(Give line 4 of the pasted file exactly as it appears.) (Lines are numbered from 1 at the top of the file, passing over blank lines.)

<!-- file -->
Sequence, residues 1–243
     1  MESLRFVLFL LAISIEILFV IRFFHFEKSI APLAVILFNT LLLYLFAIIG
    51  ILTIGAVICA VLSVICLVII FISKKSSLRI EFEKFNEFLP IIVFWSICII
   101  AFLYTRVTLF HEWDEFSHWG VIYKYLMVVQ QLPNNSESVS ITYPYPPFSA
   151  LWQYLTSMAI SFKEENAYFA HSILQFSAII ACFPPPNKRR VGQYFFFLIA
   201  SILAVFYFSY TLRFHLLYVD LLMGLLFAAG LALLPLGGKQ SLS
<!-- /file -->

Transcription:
   101  AFLYTRVTLF HEWDEFSHWG VIYKYLMVVQ QLPNNSESVS ITYPYPPFSA